Six Things That Will Bring Customers Back
It takes eight seconds for your customers to decide if they’re enjoying themselves in your operation, and whether they’ll be coming back.
A 2014 study by the National Center for Biotechnology Information found the average American attention span has dropped from 12 seconds to eight seconds since 2000. Researchers say to blame our “digital lifestyle”—our inability to put down our smartphones and other portable devices.
The best way to deal with our collective attention deficit disorder is to raise the bar on customer service. Customers should be able to feel your commitment to their great time from the moment they walk in your door.
Here are 6 qualities that will capture customers’ attention right away and keep them coming back.
This is the most misunderstood term in our industry. Many operators view “good enough” as acceptable quality. It isn’t. You have to strive for exceptional quality in every way. Ask each team member to define “exceptional quality.” Post the answers on the wall. Then ask how each job classification, from buser to cook, can demonstrate exceptional quality. Make that standard part of their job description.
Hosts are front and center in those first eight seconds—they have to be consistently engaging and keep guests aware of wait-time status for tables. A server’s first words when greeting seated guests should be a variant of “Thanks for coming in.” Make sure guests feel the love.
Your entire team needs to keep its eyes up and open, scanning the environment for guest signals—chairs pushed back, heads up, eyes looking for an employee. It is everyone’s job to respond to these signals. “Not my table” is unacceptable. What that phrase says to a customer is, “You don’t care about me.”
Responsiveness has three parts—ask, act, report. Ask questions of each guest and write down what you hear them say. If a guest tells you something needs attention, act right away, whether it’s a compliment for an employee or a complaint about a dish. Report back to the table what you did, and remind your guests how much you appreciate feedback.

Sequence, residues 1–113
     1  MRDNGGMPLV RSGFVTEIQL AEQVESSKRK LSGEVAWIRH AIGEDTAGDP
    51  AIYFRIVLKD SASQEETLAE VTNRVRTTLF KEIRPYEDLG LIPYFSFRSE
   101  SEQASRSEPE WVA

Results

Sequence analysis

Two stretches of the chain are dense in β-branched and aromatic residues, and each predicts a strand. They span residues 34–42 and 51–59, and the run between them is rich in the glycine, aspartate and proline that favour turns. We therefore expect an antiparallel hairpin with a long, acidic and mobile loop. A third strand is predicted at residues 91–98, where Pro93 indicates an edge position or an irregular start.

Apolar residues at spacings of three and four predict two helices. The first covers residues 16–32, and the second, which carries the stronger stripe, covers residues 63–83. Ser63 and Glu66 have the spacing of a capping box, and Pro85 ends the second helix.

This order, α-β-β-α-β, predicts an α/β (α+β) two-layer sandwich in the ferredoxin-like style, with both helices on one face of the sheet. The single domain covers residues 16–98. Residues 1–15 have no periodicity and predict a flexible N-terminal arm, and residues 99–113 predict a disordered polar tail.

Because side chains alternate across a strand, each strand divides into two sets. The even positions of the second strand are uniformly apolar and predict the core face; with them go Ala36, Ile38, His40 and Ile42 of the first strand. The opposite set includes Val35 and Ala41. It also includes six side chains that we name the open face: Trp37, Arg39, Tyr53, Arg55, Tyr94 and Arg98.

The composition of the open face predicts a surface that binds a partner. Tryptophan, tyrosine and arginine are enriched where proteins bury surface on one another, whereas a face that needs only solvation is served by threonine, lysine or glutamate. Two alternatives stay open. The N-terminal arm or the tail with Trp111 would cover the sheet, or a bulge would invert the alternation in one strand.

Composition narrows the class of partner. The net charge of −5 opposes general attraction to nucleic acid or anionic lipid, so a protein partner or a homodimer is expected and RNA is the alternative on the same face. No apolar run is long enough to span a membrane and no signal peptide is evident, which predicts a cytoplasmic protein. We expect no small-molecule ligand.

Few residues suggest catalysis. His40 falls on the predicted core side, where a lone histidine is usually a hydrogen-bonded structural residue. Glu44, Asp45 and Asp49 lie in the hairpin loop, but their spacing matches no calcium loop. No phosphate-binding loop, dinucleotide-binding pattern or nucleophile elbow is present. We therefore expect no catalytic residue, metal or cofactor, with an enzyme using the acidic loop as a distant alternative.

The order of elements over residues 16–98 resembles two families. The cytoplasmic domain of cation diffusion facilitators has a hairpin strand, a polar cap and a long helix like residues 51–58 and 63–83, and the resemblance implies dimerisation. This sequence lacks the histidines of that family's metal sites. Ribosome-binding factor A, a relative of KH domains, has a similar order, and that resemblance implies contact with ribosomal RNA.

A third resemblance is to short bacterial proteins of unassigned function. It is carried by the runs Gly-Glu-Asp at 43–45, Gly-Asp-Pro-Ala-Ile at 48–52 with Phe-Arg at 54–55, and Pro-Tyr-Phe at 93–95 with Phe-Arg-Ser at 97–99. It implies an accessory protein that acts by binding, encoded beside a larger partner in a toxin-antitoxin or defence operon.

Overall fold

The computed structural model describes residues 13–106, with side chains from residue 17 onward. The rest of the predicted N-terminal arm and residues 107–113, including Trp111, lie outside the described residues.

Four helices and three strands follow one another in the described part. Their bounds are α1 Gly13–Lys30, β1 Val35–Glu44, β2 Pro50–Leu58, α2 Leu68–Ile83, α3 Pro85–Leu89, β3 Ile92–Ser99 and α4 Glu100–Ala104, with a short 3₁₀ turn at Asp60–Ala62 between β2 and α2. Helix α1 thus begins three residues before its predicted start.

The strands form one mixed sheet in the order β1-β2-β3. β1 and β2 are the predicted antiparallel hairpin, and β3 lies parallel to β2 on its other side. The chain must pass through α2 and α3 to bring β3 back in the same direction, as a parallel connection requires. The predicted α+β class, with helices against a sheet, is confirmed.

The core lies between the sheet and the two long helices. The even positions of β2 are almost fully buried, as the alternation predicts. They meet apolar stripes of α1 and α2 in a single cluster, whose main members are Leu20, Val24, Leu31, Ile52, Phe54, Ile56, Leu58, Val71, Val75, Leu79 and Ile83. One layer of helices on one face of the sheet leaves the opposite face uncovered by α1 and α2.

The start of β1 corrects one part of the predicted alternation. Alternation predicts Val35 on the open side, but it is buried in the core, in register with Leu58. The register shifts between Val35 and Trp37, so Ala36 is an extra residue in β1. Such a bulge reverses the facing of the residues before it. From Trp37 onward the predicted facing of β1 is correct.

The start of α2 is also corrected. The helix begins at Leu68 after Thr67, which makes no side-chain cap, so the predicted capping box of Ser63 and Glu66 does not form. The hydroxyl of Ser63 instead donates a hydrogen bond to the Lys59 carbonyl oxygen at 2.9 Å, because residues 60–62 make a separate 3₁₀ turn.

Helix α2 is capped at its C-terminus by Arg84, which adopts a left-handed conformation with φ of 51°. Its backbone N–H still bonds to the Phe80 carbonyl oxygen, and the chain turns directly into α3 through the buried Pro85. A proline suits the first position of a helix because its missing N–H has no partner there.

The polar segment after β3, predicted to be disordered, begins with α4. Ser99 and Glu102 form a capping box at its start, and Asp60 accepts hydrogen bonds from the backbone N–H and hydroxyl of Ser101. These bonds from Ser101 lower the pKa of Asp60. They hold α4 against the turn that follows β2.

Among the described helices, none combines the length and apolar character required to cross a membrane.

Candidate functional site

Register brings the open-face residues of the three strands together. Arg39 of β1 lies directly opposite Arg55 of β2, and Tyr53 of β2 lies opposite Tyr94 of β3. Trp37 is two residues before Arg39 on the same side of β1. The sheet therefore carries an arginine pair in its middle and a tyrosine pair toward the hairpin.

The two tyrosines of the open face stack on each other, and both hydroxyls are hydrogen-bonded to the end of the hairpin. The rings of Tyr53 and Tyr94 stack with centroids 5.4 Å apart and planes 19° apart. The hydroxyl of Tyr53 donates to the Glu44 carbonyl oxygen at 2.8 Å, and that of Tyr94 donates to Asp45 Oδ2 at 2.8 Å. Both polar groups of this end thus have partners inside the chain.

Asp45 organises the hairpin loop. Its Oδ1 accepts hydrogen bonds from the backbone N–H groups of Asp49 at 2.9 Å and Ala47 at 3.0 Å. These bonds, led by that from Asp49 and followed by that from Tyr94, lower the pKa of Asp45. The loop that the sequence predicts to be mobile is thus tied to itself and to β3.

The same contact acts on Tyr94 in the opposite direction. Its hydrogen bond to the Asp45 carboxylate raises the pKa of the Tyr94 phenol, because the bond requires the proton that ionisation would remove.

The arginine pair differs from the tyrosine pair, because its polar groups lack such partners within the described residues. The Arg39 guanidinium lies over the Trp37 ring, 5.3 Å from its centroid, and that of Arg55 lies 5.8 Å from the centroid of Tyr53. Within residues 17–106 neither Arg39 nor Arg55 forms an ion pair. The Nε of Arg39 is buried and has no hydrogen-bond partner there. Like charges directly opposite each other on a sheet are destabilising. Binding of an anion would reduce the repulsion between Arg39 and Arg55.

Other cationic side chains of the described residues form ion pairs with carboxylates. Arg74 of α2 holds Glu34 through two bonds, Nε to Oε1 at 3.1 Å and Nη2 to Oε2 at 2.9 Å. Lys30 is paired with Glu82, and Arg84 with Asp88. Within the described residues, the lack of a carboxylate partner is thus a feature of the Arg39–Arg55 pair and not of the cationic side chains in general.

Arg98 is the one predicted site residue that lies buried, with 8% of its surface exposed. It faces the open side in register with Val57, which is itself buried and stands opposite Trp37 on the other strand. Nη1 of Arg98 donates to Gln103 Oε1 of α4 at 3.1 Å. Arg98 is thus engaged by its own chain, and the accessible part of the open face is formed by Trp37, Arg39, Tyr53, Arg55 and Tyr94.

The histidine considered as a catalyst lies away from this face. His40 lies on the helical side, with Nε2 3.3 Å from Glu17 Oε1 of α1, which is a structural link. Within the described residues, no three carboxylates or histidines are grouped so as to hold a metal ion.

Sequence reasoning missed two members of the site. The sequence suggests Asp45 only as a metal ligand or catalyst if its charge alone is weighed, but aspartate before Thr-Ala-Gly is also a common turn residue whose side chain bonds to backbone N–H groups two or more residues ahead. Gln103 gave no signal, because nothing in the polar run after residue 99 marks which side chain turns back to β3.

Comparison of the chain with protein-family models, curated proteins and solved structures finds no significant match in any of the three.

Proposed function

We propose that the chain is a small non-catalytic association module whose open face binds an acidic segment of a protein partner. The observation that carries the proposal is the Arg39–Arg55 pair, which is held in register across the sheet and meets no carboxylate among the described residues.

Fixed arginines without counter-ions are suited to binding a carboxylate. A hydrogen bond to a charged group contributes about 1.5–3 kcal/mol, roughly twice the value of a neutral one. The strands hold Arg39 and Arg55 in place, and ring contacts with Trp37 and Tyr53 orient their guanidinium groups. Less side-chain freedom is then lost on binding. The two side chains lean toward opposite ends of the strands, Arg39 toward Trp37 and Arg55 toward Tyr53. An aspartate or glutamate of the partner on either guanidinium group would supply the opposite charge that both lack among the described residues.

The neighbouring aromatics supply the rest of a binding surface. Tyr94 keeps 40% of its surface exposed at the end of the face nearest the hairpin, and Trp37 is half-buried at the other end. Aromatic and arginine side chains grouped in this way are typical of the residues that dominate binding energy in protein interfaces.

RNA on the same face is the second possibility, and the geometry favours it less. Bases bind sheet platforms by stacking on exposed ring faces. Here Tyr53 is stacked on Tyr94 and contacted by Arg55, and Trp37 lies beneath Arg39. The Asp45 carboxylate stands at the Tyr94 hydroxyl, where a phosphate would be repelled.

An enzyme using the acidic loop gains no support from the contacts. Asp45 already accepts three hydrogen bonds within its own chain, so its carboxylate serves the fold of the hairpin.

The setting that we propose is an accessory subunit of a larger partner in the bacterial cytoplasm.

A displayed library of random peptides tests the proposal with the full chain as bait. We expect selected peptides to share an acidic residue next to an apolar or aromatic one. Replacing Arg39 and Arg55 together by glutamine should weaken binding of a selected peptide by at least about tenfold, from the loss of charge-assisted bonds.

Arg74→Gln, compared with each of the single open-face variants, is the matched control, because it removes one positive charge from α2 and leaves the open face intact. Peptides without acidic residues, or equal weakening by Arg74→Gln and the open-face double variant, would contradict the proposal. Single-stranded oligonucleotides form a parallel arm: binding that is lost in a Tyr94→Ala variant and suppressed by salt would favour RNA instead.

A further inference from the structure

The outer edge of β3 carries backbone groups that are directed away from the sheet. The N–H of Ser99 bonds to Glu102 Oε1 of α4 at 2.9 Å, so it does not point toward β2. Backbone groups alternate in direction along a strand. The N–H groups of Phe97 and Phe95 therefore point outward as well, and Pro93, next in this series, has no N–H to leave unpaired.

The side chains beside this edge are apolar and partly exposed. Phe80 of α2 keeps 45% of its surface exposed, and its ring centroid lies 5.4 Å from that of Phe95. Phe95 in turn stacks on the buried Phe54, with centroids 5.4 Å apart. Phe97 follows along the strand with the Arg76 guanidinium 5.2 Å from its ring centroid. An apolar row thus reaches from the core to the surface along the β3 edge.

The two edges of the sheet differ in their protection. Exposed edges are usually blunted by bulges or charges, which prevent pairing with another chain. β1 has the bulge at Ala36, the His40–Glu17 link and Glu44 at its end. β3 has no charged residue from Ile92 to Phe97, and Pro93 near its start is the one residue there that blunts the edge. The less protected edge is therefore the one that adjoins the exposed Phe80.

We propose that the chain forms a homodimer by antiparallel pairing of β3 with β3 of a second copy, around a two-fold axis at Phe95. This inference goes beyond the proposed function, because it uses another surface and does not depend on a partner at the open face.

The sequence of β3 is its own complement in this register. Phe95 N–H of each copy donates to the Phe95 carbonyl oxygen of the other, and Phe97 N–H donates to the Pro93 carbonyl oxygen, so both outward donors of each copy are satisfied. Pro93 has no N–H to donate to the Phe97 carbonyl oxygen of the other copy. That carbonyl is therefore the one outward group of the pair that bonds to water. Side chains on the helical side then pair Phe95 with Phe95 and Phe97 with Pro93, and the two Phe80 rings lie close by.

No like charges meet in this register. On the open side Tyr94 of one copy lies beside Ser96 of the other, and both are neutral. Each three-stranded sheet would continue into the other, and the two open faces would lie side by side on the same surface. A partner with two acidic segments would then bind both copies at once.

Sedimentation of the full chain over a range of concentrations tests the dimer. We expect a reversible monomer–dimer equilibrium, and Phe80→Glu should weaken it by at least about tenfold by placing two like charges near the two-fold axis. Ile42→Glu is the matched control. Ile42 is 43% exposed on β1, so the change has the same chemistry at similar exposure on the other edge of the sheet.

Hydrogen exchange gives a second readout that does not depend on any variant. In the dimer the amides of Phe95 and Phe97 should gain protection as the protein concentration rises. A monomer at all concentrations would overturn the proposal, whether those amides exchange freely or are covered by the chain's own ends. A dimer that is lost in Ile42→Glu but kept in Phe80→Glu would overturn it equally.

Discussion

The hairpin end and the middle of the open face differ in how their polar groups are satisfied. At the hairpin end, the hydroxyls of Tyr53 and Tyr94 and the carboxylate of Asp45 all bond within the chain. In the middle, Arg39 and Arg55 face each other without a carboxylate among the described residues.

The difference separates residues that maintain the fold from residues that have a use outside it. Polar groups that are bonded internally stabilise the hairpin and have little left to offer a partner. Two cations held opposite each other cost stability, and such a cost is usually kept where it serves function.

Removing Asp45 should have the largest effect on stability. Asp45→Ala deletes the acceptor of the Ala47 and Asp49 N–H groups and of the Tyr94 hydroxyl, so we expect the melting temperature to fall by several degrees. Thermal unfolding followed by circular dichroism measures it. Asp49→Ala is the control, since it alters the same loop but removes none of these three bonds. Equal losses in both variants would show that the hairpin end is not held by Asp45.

5. A Focus-On-Others Mentality
What the customer wants is paramount. You can have rules about how often a server should visit a table, but the truth is, every customer is different. Teach your waitstaff—and any other customer-facing employees—to draw out what a customer needs and expects. Does the customer want a visit every 10 minutes? Is the customer in a hurry to get the check? Do the guests want to linger with a cup of coffee after paying?
6. The Experience
Gaining repeat business is never about just one thing. But losing repeat business is always about one thing—the inability to continuously work all five of the aforementioned qualities into a package. The constant interplay of these attributes is “service.” Organizations that are constantly firing on all these cylinders are able to make a positive impression in just eight seconds.
All this requires an ongoing investment in team development. It’s not an occasional luxury. Remind your team members every day that they need to give customers a reason to come back. Challenge staffers: “When you go out and find someone who treats you in a way you like, treat your customers that way. When you go out and find someone who does not make you feel valued, remember that feeling and don’t treat your customers that way.”
Anyone not contributing to your success is detracting from it. Remember, a business is only as good as its worst employee. In a world of ever-shortening attention spans, you don’t have the time to waste.